Snake Head Picture

Close up of the wing("Snake Head")

The Atlas moth (Attacus atlas) is a large saturniid moth found in the tropical and subtropical forests of Southeast Asia, southern China, common across the Malay archipelago, Thailand to Indonesia.

Atlas moths are considered to be the largest moths in the world[3] in terms of total wing surface area (upwards of c. 400 square cm or 65 square inches). Their wingspans are also amongst the largest, from 25-30 cm (10-12 inches). Females are appreciably larger and heavier. (The largest lepidopteran in terms of wingspan is thought to be the White Witch Thysania agrippina. A record specimen of Attacus atlas from Java measured 262mm while Thysania are claimed to be about 270-280mm or 11 inches. Based on some spread specimens and angle of wing, actual measurements of around 289mm have been estimated.[4]) Atlas moths are said to be named after either the Titan of Greek mythology, or their map-like wing patterns. In Hong Kong the Cantonese name translates as "snake's head moth", referring to apical extension of the forewing, which bears a passing resemblance to a snake's head.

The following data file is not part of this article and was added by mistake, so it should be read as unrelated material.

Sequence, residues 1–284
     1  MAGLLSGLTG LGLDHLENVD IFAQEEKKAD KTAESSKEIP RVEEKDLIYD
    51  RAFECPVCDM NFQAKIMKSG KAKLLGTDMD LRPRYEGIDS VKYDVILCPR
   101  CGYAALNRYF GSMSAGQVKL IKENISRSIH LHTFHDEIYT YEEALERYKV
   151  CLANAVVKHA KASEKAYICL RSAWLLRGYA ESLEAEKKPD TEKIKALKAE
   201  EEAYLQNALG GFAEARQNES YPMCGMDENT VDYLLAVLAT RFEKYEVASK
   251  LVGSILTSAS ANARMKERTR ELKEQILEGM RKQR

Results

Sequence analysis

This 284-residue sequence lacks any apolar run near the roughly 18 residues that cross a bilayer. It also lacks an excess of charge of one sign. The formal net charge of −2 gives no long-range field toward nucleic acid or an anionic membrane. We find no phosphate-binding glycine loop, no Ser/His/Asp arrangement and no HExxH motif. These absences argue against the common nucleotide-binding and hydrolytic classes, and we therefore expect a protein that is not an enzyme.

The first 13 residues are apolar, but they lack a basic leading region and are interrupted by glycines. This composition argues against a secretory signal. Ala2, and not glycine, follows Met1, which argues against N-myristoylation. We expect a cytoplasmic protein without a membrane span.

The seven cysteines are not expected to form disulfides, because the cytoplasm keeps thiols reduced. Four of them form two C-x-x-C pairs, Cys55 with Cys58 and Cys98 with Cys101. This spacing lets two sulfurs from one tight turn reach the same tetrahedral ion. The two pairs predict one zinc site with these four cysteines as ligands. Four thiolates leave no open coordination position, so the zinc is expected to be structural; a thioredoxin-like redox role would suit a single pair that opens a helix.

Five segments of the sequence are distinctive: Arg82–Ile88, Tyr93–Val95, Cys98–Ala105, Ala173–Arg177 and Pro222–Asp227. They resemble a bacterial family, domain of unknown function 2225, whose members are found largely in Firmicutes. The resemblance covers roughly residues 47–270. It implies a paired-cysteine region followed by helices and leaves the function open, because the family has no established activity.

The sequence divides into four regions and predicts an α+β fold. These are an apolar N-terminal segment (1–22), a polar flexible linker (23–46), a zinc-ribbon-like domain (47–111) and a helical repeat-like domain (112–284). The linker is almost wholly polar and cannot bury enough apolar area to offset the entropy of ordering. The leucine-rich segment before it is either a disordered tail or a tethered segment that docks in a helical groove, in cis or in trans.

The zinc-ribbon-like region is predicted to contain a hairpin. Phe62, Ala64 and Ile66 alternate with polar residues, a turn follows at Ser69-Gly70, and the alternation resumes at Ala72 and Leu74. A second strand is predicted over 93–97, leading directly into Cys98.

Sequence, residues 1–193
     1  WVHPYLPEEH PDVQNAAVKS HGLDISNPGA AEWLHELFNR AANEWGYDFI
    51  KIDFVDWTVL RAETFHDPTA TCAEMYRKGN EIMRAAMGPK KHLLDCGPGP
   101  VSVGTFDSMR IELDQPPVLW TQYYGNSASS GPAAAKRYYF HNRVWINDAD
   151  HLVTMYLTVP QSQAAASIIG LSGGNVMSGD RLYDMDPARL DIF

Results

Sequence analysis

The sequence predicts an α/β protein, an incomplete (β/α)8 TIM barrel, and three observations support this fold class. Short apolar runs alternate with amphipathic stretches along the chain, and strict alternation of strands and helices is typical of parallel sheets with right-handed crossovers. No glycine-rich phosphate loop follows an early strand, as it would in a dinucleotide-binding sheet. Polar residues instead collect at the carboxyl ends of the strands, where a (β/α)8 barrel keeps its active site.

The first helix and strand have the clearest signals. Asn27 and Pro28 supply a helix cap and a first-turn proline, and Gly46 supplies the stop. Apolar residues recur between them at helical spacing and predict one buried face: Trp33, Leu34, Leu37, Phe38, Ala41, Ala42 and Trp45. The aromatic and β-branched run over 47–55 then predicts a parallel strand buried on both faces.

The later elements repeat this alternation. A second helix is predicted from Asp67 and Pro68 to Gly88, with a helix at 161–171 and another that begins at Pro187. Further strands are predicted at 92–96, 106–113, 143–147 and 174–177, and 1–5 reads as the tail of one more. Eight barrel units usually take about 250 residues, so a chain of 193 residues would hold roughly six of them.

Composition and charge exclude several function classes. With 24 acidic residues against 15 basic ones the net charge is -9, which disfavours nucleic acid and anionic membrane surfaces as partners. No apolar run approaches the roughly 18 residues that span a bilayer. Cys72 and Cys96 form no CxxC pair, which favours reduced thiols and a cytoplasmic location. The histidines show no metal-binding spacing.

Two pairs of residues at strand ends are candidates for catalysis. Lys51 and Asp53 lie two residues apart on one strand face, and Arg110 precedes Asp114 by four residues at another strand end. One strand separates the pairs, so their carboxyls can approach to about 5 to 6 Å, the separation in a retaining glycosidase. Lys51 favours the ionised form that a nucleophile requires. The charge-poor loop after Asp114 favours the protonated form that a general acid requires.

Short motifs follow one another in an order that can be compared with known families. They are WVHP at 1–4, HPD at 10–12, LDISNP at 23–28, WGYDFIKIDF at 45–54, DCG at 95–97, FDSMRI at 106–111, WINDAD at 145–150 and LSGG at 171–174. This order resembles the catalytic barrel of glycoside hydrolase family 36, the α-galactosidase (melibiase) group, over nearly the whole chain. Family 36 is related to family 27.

Atlas moths are predominantly tawny to maroon in colour with roughly triangular, diaphanous "eyes" on both forewing and hindwing, bordered in black. The purpose of these dramatic, gossamer portals is not clear, but they are thought to play a role in predator avoidance. Their bodies are hairy and disproportionately small compared to their wings. Patterns and colouration vary among the many described subspecies. Male Atlas moths are distinguished from females by their smaller size, more tapered wings, and larger, bushier antennae. Neither sex possess fully-formed mouthparts and therefore do not feed; they survive entirely on larval fat reserves throughout their 1-2 week adult life.
Vittorio Carvelli - Atlas
Turtle Atlas
Snake Head
Atlas - A hand to hold